Kyeo's head hurts very badly. He doesn't remember how he got that way but he can guess that he's taken a blow to the head. That doesn't explain why he's not on a spaceship any more but he should probably not expect to figure that out right now. He looks confusedly at the non-spaceship around him for a minute before closing his eyes.
"No. Absolutely not."
"Have you not invented enough science yet to be sure?"
"--in our society people feel very strongly about their religions and to get people to stop practicing it you often have to torture them or kill them, and even then a lot of people will continue to practice in secret. So the government does not have any opinion about religion and lets everyone practice their own religions and then no one has to be tortured."
"...how is this not a thing in the future? Did religion die out in the next hundred years? Are you, I don't know, from an atheist planet--?"
"I am from an atheist planet. I believe some religions persist elsewhere."
"I guess you could do a lot of things with controlling immigration-- it's interesting that the second generation doesn't convert, though-- I guess that's proof of the hypothesis that if they weren't raised in a religious society no one would be religious-- do you have belief in fairies or anything like that?"
"Huh. That's really interesting. The atheist activists are going to have a great time when this comes out."
"I don't see what's so surprising about a planet where no one believes in religions or fairies."
"Well, so far at least some people believing in religions or fairies or something that breaks the laws of physics is a human universal. So people who think nothing can break the laws of physics are going to be excited that you can, in fact, convince everyone of that fact. --Do you have superstitions, do people have lucky charms or refuse to walk under ladders because it's bad luck or think their computers have personalities or kick the car when it won't start up...?"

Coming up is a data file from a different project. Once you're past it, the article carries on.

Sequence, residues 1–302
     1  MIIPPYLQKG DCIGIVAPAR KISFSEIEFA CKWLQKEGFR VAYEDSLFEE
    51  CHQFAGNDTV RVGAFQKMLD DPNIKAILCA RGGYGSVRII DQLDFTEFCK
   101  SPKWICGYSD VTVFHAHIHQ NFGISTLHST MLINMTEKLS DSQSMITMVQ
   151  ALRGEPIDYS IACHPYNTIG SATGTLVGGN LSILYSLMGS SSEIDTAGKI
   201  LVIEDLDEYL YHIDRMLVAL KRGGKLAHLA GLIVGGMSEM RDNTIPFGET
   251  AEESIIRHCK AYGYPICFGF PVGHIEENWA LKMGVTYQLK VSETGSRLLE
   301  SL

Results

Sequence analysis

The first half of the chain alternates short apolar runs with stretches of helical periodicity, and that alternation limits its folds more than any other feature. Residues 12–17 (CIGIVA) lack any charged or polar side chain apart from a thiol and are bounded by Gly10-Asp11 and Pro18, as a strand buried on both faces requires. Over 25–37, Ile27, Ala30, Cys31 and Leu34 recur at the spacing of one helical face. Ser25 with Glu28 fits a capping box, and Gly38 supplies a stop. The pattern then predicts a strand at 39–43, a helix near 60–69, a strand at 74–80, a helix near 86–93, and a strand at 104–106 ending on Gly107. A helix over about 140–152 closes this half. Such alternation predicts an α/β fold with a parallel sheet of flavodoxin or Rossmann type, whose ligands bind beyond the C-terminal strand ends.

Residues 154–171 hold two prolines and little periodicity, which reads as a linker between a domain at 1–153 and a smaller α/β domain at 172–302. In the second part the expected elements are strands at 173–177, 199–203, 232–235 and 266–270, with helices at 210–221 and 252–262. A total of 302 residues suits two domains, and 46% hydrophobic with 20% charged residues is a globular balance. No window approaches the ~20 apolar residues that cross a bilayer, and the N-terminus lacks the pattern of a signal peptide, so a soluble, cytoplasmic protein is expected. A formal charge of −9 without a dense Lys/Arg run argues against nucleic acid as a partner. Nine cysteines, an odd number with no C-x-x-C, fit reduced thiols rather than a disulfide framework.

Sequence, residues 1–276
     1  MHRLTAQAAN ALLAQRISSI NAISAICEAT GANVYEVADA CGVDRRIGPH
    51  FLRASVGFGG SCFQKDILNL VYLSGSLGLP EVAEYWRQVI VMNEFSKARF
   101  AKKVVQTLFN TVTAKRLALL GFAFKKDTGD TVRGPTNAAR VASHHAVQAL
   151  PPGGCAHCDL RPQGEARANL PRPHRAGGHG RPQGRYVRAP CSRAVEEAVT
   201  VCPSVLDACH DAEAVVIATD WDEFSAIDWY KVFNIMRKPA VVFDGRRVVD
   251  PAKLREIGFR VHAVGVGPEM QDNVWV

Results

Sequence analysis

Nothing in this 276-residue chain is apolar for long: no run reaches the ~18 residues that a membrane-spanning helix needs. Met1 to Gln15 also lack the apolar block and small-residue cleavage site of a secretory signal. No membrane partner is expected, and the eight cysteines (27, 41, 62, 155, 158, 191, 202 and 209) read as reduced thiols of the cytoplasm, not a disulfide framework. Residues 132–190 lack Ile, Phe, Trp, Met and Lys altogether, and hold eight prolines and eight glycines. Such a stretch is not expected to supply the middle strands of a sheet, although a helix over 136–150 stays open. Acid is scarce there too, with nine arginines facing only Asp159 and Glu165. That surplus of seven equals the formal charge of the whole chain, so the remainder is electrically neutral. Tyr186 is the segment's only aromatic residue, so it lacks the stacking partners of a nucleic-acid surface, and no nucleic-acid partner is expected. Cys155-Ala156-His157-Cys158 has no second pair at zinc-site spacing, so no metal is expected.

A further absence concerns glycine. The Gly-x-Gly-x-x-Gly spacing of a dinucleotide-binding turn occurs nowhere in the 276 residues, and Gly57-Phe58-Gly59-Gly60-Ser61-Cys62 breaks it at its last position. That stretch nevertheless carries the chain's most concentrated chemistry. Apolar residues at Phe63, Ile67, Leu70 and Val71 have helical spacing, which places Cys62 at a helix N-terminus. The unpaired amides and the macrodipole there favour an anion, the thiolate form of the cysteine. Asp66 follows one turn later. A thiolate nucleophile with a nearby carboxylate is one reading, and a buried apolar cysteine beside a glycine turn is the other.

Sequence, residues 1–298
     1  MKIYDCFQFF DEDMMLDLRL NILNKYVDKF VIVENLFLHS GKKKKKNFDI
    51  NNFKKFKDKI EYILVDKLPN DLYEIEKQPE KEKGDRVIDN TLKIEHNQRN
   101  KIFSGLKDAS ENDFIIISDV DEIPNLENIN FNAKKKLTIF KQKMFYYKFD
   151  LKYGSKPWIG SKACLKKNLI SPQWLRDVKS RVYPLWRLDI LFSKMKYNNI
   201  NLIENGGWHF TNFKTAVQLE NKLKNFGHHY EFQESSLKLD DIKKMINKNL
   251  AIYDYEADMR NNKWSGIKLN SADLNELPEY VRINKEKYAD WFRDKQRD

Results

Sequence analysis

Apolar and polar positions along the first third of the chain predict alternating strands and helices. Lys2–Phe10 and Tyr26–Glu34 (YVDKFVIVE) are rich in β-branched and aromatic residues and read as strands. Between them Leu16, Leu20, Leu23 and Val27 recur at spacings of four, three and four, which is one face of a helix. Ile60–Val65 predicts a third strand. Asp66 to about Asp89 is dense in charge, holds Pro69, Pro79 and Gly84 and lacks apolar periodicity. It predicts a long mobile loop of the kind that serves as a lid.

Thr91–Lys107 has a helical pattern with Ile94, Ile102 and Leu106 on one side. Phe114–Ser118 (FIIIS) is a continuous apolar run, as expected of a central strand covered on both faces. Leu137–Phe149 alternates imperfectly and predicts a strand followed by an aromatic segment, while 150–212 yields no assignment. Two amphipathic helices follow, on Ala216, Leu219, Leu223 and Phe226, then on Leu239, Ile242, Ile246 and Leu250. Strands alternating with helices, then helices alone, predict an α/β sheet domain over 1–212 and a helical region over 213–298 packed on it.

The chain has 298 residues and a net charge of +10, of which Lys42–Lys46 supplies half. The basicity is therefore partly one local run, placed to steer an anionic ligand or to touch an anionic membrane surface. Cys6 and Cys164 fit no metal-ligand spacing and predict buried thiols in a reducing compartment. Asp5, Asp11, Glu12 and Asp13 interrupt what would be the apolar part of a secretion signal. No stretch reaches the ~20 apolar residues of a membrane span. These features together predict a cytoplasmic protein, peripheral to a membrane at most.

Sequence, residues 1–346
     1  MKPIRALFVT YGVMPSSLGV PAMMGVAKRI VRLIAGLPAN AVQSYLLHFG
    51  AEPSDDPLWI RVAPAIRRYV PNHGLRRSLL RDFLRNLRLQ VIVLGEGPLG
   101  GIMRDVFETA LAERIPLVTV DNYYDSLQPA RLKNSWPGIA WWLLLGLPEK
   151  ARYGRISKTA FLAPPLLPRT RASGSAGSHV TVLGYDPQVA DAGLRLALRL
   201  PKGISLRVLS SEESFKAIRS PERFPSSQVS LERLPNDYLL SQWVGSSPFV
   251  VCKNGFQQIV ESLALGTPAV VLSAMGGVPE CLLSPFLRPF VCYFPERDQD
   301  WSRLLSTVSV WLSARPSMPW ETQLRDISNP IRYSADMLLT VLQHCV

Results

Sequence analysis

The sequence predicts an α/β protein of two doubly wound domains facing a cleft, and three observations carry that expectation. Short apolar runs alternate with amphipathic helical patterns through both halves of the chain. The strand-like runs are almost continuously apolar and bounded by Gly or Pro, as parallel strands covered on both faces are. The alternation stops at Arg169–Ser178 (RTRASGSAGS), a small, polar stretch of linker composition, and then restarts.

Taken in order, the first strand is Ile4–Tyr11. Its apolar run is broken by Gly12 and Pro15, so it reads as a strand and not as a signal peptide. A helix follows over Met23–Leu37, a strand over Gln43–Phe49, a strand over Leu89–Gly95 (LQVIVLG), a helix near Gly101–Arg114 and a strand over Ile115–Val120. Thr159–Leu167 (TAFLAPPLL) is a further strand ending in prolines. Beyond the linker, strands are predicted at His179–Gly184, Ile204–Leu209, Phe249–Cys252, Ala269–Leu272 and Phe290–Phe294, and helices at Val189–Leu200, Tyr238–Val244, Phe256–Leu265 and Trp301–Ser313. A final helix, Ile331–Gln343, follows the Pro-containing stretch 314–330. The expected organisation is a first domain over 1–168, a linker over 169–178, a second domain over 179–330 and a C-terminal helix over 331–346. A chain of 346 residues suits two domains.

"I have seen people kick things that weren't working," allows Kyeo. "Though many things have parts that can in fact get stuck."
"Wow, that's fascinating."
"So, one difference from what you're used to is that in Cascadia people often have religions. It is not polite to argue with them about it, unless you are on a forum for debating religion or are close friends or something like that. If someone says they have to do something for religious purposes you should generally let them even if it seems stupid to you, although if it is particularly irritating to you personally you can say that you'd prefer not to have the relevant kind of interaction. Like, if someone has religious reasons not to eat pork you shouldn't feed it to them but you can refrain from inviting them to a dinner party."
"Are there other things that are different-- or questions you have in general from what you've noticed--"
"I think you have mentioned explanations relating to everything I had noticed and didn't already expect based on this being Earth. It... does seem odd to respond to a fertility crisis with encouraging women to do a lot of things that aren't having children, and it does look like they are actually doing those things, but perhaps the ones I have seen are infertile."
"We're not Gilead."
"The owl did not teach me 'gilead'."
"Gilead is... the country next door to us. It... remember what I said about religion? It believes strongly in one particular God, and has forbidden anyone from doing anything their God doesn't approve of. And one of the things it forbade is women working any jobs that interfere with them having children, although they can still run daycares and program and write novels and things like that."
"Oh. - even the infertile ones?"
"God... apparently does not care whether a woman is infertile before He decides that it is wrong to let her do whatever job she wants. --They can also be teachers, nurses, secretaries, feminine jobs like that."
"I'm not sure what is meant to be feminine about those jobs."
"Uh, they're jobs women did historically so they must be suited to women's innate feminine nature? Or something like that."
"Sometimes you talk as though you believe things by saying 'must' or 'apparently' when it does not seem that you really believe them."